do not buy a house from the landbank dot com
Don’t get me wrong, do NOT get me wrong: I do love my house, and I did buy it from the Landbank. But the Land Bank Authority (LBA) website, auction/sale process, and subsequent rehabilitation rules are so onerous, so costly, and so full of subterfuge and opacity, that I would not recommend it to most people. This is a change from the original intention of this blog, DETROIT REALITY REALTY — to get people to buy a house from the ‘the list’ — formerly held by PDD (Planning and Development Dept.) but now all those houses, that ‘inventory’ has been relocated to the Land Bank and they are in charge of the sale process. Here is a link to my house on the LBA’s website, buildingdetroit.org, so you can see what it looks like when you consider buying a house: http://auctions.buildingdetroit.org/Listing/Details/1094770/20499-Grandview Although I read and generally understood the rules and process, some of the costs are hidden, and not plainly spelled out in the Rules Here is the link to the Rules: http://auctions.buildingdetroit.org/TheRules For example, I bought my house for $1000 — good price, right? But what they don’t tell you up front is that you MUST pay for the pre-sale inspection that they, LBA, did — even though pre-sales are no longer required by the City — this costs $295. http://www.detroitmi.gov/DepartmentsandAgencies/BuildingsSafetyEngineeringEnvironmental/Divisions/Pre-Sale/Pre-SaleRequirement.aspx
They also don’t tell you, nor help you estimate, the cost just to pull the required permits to do the work that the pre-sale sez you gotta do; for example, I paid $376 for just two permits: Electrical and Plumbing– and my house is very small — just one bathroom, and 550 square feet total L/S
And then there’s the closing costs — LBA uses this third party closer called TitleSource — but they aren’t even listed on their official and approved contractor list.
TitleSource wants you to buy title insurance — so their original closing cost ‘package’ for my house was over $2100!!! — I rebelled, and got them to remove the back taxes, and the title insurance — but still I had to pay $690 at closing — for what? Just for their ‘fees’ — of $250 + $90, and also for the $295 pre-sale inspection.
When I closed last June on Harmon Street house, the closing costs were $18. How (or why?) in the world have these cost skyrocketed over 1000%? Some one (TitleSource) is making money off of people’s good intentions to buy and save a house in Detroit. These houses should cost only what they cost at auction — no further fees, costs, permits, etc. !
So the presale, closing costs, and permits have cost me over $1000 — I had not budgeted for that.
That’s money I could have spent on a plumber, an electrician, on a kitchen sink, drywall, a hot water heater, insulation, or other materials or services to actually re-hab my house.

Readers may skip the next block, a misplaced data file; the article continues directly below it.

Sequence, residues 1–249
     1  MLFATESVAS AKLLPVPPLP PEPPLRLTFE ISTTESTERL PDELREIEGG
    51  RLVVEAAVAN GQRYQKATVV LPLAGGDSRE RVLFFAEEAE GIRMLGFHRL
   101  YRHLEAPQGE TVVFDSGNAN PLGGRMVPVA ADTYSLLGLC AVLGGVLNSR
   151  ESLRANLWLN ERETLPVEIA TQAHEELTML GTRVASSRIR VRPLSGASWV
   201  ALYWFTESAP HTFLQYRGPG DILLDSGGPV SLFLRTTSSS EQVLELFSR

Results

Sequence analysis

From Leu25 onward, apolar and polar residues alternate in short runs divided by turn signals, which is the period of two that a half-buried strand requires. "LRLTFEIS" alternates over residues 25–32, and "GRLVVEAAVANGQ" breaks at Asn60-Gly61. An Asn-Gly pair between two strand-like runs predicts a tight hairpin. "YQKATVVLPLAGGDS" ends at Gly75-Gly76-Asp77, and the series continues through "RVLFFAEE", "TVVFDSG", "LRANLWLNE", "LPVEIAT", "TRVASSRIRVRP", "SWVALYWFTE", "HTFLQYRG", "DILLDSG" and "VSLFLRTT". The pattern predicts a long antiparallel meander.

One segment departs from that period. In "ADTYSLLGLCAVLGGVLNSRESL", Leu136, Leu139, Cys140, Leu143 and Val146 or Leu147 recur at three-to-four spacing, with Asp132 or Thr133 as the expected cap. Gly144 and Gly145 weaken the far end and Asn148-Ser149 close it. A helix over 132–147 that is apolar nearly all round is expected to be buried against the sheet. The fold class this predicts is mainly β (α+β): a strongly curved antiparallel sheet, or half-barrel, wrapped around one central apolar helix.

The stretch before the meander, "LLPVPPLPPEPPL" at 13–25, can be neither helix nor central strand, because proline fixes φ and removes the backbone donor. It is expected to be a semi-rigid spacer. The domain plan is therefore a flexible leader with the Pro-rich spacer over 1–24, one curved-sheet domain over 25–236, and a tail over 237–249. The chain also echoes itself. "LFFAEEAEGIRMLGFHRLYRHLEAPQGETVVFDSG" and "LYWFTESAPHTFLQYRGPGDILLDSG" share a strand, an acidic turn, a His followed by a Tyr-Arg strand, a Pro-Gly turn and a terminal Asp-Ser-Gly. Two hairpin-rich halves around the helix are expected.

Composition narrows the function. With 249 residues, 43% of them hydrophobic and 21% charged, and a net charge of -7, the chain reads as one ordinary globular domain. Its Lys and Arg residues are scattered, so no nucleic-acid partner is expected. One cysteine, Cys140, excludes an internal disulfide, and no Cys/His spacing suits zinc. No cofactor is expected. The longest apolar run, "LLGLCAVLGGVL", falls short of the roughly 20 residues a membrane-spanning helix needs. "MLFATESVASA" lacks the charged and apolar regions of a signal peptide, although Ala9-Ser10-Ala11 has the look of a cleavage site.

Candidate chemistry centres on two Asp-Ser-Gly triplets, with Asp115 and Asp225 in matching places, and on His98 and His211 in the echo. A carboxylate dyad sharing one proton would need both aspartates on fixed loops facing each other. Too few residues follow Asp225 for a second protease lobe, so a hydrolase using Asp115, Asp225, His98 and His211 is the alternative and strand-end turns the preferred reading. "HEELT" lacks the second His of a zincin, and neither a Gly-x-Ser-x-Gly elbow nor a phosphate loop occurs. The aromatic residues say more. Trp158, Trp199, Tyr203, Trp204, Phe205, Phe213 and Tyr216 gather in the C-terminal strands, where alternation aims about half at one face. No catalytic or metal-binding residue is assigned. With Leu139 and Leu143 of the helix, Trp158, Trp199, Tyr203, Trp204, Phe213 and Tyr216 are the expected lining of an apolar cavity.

Then there’s the inspection process. . . Because I have permits for both electric and plumbing, I need to get an inspection, both rough and final. This is normal for construction and/or remodeling a house. But LBA also gets to inspect the progress and final features of a house it sells — how is this okay? The pre-sale inspection requirement is what drive Detroit neighborhoods and houses into dereliction and abandonment — who could pay $300 bucks for the pre-sale AND untold money for the subsequent repairs that the City bureaucrat inspector surely would find: fix this fix that you can’t sell the house until these repairs are made! Again, this is why so many people just said f-it, we can’t pay nor do the repairs!
The Landbank is starting a whole new regime of pre-sale + inspections!
Do not buy a house from the Landbank. Buy a house from a private seller or from the Wayne County auction.
UPDATE APRIL 3, 2015: SERVICE AFTER SALE — no one at the Land Bank will now talk to me or help me — I called, texted and called back the guy who is supposed to be in charge of the locks on the doors of LBA house (Mark P) — he was hard to reach and has not yet solved the problem of the lockbox on the front door. Also, Herb Alexander and Rob Saxon have refused to acknowledge my emails asking them for relief and a refund from the pre-sale inspection. There is no service after sale at the LBA. HERE IS AN EMAIL I JUST SENT TO THEM ON APRIL 7:
Dear Mr. Alexander, Mr. Saxon, Mr. Fahle, Mr. Cannon, and others at LBA:
This is a third send of the following requests, with additional remarks; as none of you have responded, it was necessary to resend this information:
1) Signage: Because my house (nor other LBA houses?) did not have a for sale sign or any other kind of sign in front of it, the neighbors were not immediately aware of its fate, nor that it was sold, nor that I was/am the lawful buyer. Because of this, they have been mistrustful and thought I might be another scrapper — thus I would suggest that you consider putting traditional for sale signs with your LBA brand on your houses — this would help build community and foster professionalism.
2) Lockbox: There is still a realtor-style lock box on my house’s front door; I called + texted Mark P (the contact person given to me by Mr. Cannon) — I finally got through (his mail box was full) but that was last-last week — he has done nothing. Please help me to get this lock box open so I can ostensibly get the keys out of it for my front door(s).
3) Unlawful pre-sale inspection: LBA should refund me the $295 for the unlawful pre-sale inspection — the City rescinded pre-sales in Nov. 2014, as you know — the LBA cannot lawfully require buyers to absorb this cost. I have put in for a refund at BSEED for the pre-sale — I am asking that you at LBA make sure I get that refund — THIS WAS SUBMITTED ON MARCH 13 AT THE CITY BUILDING 4TH FLOOR WHERE YOU GET THE PERMITS.
I would appreciate some evidence of service after sale.